SKOWHEGAN — Town officials are considering how to use more than $870,000 in federal COVID-19 relief aid, with some recommending improvements to town infrastructure while others are pushing for bonuses, including a $10,000 payout for police officers.

Town Manager Christine Almand said Tuesday during a meeting of selectmen and municipal department heads that the first portion of the federal money arrived last month and the second installment is expected next year. The money must be spent by the end of 2026, according to federal rules.

Chief of Police David Bucknam has proposed the $10,000 bonuses for his officers, made in two $5,000 payments over two years. He said that since the COVID-19 pandemic began, his officers “have been working for the town and worked through all conditions related to (the pandemic).”

Skowhegan Chief of Police David Bucknam, center and Officer Emily Fox salute the American flag during a May dedication ceremony at Veterans Memorial Park. The town is receiving more than $870,000 in federal COVID-19 relief money and Bucknam wants to use a portion of it to provide $10,000 bonuses for his officers. Rich Abrahamson/Morning Sentinel file

Bucknam has requested the bonuses for his officers “to help them get back on their feet and to help them catch up on their bills.”

“Vacations have been denied because we needed the manpower on the streets,” Bucknam said. “We’ve had officers working around the clock because someone was out sick. They’ve volunteered for overtime to cover shifts so that other people could take a break. I watched the team unite as one. They were already united, but to watch them come together even more over the COVID situation really inspired me.”

Bucknam has also suggested dividing up the federal money among department heads and “let them go to work,” rather than having selectmen pick various projects from a list of suggested uses for the money. Bucknam has requested $190,000 for his department.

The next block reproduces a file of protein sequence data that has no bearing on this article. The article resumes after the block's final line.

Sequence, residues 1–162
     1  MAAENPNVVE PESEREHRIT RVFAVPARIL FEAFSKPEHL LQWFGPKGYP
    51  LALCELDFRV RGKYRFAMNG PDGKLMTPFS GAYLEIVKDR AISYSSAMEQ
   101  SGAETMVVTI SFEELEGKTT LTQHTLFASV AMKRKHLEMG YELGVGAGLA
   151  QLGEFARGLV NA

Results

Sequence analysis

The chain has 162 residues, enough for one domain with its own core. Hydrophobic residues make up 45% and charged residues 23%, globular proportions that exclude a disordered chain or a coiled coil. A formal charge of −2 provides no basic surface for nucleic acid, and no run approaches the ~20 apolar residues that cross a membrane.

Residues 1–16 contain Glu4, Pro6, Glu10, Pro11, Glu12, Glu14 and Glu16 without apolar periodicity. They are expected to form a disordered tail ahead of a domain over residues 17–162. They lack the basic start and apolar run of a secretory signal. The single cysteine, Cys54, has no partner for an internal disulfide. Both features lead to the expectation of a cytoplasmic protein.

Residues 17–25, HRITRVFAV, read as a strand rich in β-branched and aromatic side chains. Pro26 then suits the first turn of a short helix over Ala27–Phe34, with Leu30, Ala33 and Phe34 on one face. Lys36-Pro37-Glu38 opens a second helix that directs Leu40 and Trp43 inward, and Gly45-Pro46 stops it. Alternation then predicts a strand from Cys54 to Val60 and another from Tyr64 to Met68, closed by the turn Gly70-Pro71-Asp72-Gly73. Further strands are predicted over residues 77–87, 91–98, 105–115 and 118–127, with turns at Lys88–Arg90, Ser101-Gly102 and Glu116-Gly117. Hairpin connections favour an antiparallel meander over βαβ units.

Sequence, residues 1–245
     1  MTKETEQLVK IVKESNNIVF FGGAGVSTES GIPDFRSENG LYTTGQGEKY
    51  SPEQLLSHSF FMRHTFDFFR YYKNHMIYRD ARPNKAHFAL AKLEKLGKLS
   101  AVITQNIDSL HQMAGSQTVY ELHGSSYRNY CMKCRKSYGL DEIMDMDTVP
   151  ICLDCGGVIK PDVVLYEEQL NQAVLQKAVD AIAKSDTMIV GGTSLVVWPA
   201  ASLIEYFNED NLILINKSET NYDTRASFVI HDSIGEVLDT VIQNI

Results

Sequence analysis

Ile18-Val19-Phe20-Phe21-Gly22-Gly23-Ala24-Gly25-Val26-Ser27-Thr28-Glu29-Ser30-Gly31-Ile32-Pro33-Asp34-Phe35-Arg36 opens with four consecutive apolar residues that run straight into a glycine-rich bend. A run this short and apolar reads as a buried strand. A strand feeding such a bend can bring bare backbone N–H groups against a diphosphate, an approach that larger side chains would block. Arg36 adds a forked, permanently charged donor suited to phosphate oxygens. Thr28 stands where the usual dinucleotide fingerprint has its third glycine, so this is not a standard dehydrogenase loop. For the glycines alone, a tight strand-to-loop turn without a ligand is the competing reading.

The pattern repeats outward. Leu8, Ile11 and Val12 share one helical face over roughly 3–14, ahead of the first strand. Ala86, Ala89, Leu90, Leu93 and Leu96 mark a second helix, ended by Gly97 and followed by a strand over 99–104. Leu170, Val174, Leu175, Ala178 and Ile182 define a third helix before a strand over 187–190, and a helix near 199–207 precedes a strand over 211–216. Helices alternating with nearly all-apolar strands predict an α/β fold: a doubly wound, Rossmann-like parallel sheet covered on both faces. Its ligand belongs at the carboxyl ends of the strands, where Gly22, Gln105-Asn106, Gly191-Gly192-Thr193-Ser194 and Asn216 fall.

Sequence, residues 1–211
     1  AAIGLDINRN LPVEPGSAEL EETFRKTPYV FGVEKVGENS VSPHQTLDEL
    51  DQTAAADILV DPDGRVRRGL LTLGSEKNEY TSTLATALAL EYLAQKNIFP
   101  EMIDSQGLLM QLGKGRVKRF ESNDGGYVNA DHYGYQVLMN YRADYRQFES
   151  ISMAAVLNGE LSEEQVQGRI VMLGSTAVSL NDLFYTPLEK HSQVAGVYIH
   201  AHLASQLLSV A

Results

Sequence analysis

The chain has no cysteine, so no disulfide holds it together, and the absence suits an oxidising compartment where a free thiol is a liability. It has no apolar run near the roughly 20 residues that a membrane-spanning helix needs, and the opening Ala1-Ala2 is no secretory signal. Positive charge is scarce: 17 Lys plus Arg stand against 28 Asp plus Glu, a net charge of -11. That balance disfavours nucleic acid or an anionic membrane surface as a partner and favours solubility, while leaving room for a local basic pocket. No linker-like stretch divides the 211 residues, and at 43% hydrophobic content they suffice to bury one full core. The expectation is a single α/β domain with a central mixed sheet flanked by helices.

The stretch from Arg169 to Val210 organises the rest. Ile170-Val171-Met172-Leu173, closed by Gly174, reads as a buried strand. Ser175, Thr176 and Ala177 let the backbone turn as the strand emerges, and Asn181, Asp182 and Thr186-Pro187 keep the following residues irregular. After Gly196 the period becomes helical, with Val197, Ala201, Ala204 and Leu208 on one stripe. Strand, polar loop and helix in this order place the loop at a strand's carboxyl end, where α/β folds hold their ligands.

The money from the American Rescue Plan Act of 2021 can be used in four different areas: In response to COVID-19 and its negative economic impact, to provide premium pay to eligible workers responding to the public health emergency, to ensure funding for essential government services and for investments in water, sewer and broadband infrastructure.

Shawn Howard, the town’s fire chief, told the group it should keep in mind the pandemic is ongoing and efforts to retain employees should also be considered.

Firefighters are responding to “more COVID positive patients today than they were a year ago,” Howard said, and given the worker shortage and competitive pay rates and sign-on bonuses from other businesses, it is difficult to recruit firefighters for his department, where there are 15 open positions on a force that typically staffs about 30.

“We are competing with other businesses that are offering sign-on bonuses (and) $15- to $20-an-hour starting pay, without training,” Howard said. “I am trying to get those same people to come to me.”

More than 200 hours of training and monthly training are required for firefighters, and they must work specific schedules to make sure 24/7 coverage is guaranteed.

“I can’t pay them what McDonald’s is offering. This is an ongoing issue,” Howard said. “As we look at how we’re going to reward them, we also need to have a conversation on how we’re going to keep them.”


Howard has proposed using $410,300 of the federal money to buy an ambulance. He said the majority of ambulance services in town are provided through Redington-Fairview General Hospital. He acknowledged, though, “I’m not sure if this is the best thing we can do with this money at the time.”

No decisions were made at Tuesday’s meeting. Department heads and selectmen plan to reconvene Nov. 23 for another workshop, with selectmen presenting their ideas to the department heads.

Other suggestions for how to use the federal aid have included:

Economic and Community Development: $400,000 for the Run of River Whitewater Recreation park, $100,000 for low-interest business loans to help businesses that have been impacted by COVID-19, a $100,000 grant/loan for homeowners to upgrade furnaces to help those impacted by COVID-19 and $60,000 for broadband to match the county broadband plan.

Pollution Control: An unspecified amount of money to cover “sewer rehabilitation and replacement.”

• Solid Waste and Recycling: $60,000 for a roof on the recycling building, $50,000 for an addition to the recycling building and $40,000 for compactors.

• Parks and Recreation: $150,000 for the Ballfield Compound, $75,000 for the Carl Wright Baseball Field infield renovation, $40,000 for revenue loss, $25,000 for a generator at the Community Center and $20,000 for Community Center elevator repairs.

• Opera House Committee: $100,000 toward renovations for the Opera House.

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